George Blackwell

Trinity College in 1566 (looking north), shortly after its foundation
From Wikipedia, the free encyclopedia
Douai College
Pope Paul V by Caravaggio

Every so often you come across a story which is totally different than what you have seen before. Sometimes, these stories are very interesting and/or rather sad but nevertheless are quite interesting. Most time you come across them when you are looking for something else, as was this case.

This is the story of George Blackwell, an Archpriest. Who lived in the 16th century.

He was born in 1545 in Middlesex, England. It is believed that he was the son of a ‘pewterer,’ Thomas Blackwell. There are no details regarding his mother. He had a happy childhood compared with many other children and was admitted as a scholar to Trinity College, Oxford on the 27th May 1562. At the end of his course he graduated with a Batchelor’s degree in 1563 and then became a probationer of the college in 1565, a fellow the following year (1566) and graduated with an MA in 1567. He resigned or possibly was ejected from Trinity College in 1571, probably because of his religious beliefs. In 1574 he left the shores of England for the English College in Douai. He was ordained a priest in 1575 and graduated BST from the University of Douai the same year.

In 1601 a government spy described Blackwell as ‘about 50 years of age, his head brownish, his beard being more black, and cut after the fashion of a spade; of stature indifferent and somewhat thick, decently attired.

Father George Blackwell returned to England as a missionary in November 1576 and he was imprisoned in 1578 for his work as a priest. After being released from prison, he lived and worked from the house of Mrs. Meaney in Westminster, England in secret.

After the death of Cardinal Allen in 1594, the leadership of the clandestine Catholic mission in England was thrown into disarray. In March 1597, Cardinal Henry Cajetan wrote to Blackwell from Rome to tell him that Pope Clement VIII had appointed him archpriest, he lodged at the town house of Anthony-Maria Browne, 2nd Viscount Montagu, when in London. His instructions enjoined him to work in close consultation with the head of the Jesuit Mission in England. A number of secular priests in England, thinking that Blackwell was too close to the Jesuits, appealed to The pope to overturn Blackwell’s appointment and name a vicar apostolic with full episcopal powers. Bitter controversy followed on this appeal, and they followed this one appeal up with two more. The English government was keen to turn the controversy to its own advantage, and encouraged Blackwell’s ‘Appellant’ enemies behind the scenes. The upshot of this third and final appeal was that Blackwell’s powers were confirmed, but he was censured for his lack of tact and ordered that in future not to communicate to the Jesuits any matters pertaining to the mission of the secular clergy.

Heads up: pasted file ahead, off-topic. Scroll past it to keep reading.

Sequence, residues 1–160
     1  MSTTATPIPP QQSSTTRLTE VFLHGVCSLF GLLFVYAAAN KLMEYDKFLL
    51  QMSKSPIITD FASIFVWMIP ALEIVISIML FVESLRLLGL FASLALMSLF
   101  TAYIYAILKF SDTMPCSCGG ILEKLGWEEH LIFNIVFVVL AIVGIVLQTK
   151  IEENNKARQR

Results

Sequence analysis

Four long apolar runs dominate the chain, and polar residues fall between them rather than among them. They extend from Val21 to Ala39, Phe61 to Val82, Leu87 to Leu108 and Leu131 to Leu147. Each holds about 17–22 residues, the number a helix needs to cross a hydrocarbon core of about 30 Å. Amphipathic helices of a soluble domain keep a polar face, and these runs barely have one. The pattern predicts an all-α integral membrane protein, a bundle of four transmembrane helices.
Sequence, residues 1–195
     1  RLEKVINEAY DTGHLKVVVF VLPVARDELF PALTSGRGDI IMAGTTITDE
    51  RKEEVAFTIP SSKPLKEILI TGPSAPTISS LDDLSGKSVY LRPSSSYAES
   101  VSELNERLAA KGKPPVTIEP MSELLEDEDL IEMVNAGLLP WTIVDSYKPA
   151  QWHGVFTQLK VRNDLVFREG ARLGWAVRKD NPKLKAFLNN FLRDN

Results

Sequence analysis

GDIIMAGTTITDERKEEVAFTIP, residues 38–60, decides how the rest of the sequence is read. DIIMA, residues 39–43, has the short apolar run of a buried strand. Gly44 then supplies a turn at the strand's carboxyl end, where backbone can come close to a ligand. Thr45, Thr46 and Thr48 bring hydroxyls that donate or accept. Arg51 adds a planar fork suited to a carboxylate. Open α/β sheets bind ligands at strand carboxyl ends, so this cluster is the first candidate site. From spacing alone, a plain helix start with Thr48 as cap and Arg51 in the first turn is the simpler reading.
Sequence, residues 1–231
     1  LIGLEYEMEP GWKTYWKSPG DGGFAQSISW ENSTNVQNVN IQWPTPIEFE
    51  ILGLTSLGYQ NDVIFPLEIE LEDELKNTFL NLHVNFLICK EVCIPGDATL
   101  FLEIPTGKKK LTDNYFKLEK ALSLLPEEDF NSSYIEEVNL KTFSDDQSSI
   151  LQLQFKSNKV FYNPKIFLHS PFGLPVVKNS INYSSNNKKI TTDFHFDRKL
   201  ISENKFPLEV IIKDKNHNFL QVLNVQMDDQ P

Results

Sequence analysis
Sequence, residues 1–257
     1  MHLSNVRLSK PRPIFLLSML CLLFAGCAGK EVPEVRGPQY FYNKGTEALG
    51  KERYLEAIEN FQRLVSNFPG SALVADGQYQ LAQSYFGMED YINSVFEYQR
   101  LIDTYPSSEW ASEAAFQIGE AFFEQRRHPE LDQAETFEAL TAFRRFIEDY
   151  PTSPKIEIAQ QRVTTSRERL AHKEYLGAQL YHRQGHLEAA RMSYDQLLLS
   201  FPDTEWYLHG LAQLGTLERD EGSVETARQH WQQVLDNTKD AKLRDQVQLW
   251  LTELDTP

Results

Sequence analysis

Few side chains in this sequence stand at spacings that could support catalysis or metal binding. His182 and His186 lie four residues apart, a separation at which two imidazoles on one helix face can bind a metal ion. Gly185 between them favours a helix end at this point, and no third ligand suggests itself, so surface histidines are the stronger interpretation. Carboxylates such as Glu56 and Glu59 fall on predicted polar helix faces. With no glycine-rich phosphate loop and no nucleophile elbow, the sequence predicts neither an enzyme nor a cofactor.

Then, following the gunpowder plot, Blackwell wrote to Rome and obtained a letter from Pope Paul V; condemning the plot and calling on English Catholics not to disturb the Peace. Part of the English Government’s response was to enforce a new ‘Oath of Allegiance,’ drafted in such a way that it was bound to create divisions within the English Catholic community, as to whether it could be taken in good conscience. It particular, one passage of this new oath could be read as giving the English authorities the right to define heresy.

Blackwell, citing the Pope’s call for civil obedience, advised all his priests that the oath could licitly be taken. The Pope, however, condemned the new oath soon afterwards. Blackwell, and a few other’s, continued to defend the oath despite this. An international theological controversy developed concerning the licitness of the oath.

On the 24th June 1607 Blackwell was arrested and taken to prison. Over the following ten days he was questioned seven times regarding his opinion of the oath. At the end of this ted-day period he was tendered the oath, which he then took. He also wrote an open letter to the English clergy, urging them to do the same as he had done. He insisted the oath could be legitimately be read as not contradicting the Pope’s ‘Supremacie in spiritual causes.’ It was a reading of the oath that did not satisfy the Pope himself, who relieved Blackwell of his position as an archpriest, nor the English Authorities, who kept him imprisoned for the remainder of his life.

He never went on trial for any wrong-doing he may have committed. Sadly, George Blackwell died in prison on the 12th January 1613, maintaining to the very last that his reading of the oath of Allegiance did not contradict either the Catholic doctrine or the actual meaning of the words enacted by Parliament, in fact he never did anything wrong although he was punished for it.

 David Rowland

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